A point raised in our last discussion was the advantages and disadvantages of true understanding of how the computer works It was asserted that there are many electronics that we use and have absolutely no idea how they function, and this article reveals how true this is in terms of the internet. Prior to reading I had no idea how anything on the Internet worked, or even what “http” or “URI” or any of the acronyms associated meant. I think this ignorance is especially true for our current generation since the Internet was just something that was always there, something that we grew up with. We never question where it came from or how it came to be, but rather have immediately starting interaction. Reading this piece made me realize how ignorant I am. It occurred to me that I don’t even know how things are saved on websites. I would think that the site itself has some sever that things are saved to, but is there some cloud that all things are saved to? Also who would have access to said cloud, and is privacy of the Internet even possible then?
Another interesting part of the article was how the Internet wasn’t really popular at first, and Tim Berner’s Lee really needed to push for it. It wasn’t even an official CERN funded project; Lee worked on it in his spare time. He needed to go from source to source in order to find the right funding and help for his project. The Internet today is ubiquitous and probably the most popular form of media. It is interesting that those in the past didn’t see the potential the Internet had. Lee also mentions the Memex, and it seems that he took that idea and really ran with it. He calls Lee, Engelbart, and Nelson ahead of their times, which is ironic because it seems that Lee was ahead of his time too. Those around him, much like the contemporaries of the men he mentioned, didn’t see the potential and if they did couldn’t really help. Lee and the internet were the synergistic combination of all of his predecessor’s efforts, and a real testament to the type of knowledge sharing that these men wanted.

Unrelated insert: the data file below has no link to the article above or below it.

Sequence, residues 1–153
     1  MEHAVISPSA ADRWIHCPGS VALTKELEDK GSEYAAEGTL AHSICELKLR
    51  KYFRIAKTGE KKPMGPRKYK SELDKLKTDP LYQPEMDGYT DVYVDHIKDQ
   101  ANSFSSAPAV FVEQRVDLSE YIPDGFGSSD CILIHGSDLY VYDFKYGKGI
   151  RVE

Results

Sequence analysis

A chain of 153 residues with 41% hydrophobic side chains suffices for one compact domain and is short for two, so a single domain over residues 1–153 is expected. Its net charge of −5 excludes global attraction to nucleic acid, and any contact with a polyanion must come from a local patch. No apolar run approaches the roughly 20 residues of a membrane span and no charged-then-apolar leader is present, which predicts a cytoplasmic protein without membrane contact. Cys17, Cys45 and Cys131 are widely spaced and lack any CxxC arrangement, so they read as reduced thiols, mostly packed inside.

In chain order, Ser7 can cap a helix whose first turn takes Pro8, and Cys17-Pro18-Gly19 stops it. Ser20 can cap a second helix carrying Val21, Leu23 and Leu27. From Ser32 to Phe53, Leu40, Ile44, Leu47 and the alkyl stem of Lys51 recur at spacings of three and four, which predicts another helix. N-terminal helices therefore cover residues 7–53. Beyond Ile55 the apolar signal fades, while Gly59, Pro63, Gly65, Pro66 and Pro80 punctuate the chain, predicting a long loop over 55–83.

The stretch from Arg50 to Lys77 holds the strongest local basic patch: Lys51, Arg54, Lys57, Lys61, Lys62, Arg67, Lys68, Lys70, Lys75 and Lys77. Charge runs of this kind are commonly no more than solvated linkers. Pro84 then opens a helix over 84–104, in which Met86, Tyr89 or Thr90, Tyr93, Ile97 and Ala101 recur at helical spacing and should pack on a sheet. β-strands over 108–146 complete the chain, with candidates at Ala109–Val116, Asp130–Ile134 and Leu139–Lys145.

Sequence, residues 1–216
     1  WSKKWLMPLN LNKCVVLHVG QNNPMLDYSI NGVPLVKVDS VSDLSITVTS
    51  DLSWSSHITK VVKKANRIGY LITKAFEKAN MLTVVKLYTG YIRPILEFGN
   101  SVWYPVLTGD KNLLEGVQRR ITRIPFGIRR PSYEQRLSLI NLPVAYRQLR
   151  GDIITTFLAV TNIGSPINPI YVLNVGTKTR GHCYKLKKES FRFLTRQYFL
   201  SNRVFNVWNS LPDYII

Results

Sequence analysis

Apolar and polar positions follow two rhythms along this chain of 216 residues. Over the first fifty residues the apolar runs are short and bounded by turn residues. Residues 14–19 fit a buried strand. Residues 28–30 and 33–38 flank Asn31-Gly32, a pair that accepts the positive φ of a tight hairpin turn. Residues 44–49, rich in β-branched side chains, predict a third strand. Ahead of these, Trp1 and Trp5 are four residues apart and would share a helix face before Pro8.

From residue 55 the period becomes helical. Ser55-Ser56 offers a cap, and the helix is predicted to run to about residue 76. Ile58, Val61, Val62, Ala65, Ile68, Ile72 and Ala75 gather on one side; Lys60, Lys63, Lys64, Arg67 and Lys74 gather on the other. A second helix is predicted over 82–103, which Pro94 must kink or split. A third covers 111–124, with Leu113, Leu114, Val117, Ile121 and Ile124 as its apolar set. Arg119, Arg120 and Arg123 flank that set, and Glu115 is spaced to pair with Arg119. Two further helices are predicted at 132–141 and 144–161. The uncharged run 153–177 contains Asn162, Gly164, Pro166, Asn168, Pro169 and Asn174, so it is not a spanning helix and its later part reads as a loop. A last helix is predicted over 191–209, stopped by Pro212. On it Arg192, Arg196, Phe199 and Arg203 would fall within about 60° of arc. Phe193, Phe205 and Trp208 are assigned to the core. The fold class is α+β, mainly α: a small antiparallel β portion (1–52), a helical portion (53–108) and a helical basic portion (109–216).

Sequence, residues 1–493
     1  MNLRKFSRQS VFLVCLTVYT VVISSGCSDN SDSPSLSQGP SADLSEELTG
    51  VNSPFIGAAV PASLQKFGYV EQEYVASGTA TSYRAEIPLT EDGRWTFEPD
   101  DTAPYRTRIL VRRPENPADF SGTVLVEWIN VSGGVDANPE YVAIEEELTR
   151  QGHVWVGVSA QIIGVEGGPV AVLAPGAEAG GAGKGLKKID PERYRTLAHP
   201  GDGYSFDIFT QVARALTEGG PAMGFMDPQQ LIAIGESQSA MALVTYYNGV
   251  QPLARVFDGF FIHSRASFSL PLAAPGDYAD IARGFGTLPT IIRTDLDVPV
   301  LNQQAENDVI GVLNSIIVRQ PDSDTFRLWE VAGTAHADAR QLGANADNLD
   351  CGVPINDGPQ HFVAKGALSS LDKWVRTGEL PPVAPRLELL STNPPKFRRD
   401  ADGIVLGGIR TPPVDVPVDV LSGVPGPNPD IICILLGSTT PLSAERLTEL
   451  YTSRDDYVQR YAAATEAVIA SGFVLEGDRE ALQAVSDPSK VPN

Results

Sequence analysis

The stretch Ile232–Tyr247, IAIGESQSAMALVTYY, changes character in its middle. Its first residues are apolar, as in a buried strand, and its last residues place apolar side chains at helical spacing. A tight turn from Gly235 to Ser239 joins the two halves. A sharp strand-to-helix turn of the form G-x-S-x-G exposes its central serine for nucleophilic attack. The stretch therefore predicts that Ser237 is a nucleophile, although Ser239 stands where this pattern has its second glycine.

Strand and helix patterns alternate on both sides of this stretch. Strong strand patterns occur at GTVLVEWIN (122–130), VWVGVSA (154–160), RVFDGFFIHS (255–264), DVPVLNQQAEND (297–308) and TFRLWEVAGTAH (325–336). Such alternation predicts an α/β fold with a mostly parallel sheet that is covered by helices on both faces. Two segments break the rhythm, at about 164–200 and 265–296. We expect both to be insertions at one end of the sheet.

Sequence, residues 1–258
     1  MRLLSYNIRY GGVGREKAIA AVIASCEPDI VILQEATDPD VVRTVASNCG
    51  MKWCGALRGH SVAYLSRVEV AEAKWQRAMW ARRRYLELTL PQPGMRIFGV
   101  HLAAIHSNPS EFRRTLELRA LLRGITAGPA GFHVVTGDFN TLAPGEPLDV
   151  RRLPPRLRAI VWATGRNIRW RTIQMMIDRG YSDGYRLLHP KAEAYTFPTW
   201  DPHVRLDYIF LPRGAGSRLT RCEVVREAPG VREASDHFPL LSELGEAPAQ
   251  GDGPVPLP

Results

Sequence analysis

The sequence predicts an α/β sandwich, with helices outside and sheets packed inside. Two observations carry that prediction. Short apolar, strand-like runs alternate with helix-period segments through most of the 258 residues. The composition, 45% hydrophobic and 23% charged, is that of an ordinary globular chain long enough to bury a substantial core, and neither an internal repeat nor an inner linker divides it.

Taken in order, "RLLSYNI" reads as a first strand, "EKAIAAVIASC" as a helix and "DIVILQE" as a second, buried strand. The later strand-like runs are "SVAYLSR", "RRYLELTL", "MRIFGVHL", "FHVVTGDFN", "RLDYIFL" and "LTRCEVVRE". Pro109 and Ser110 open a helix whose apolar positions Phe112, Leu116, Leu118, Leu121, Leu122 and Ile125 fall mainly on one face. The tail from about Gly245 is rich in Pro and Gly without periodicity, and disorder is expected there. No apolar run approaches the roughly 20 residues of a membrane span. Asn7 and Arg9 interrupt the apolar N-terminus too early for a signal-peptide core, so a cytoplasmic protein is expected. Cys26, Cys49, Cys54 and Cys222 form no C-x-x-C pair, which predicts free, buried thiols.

In one of my other classes, we watched the movie Dr. Strangelove, a movie in which the nuclear arms race is satirically discussed. In the movie, the Doomsday Device (a device that would essentially end life on earth as we know it) can only be activated by a computer, and would go off in the event that a human tried to disarm it. The movie explained this as trying to take the human element out of nuclear war. It makes me think though how quickly society has become intertwined with computers and the Internet. The whole Y2K scare was almost 15 years ago, and the thought of computers not working into the new millennium was unthinkable. Now think 15 years later how interdependent our lives have become and how devastating a loss of Internet would be. This article was written in 1999, which shows how relatively knew the Internet is. While I am not asserting that the Internet is inherently bad in any way shape or form, it is important to discuss the ramifications of our Internet dependence.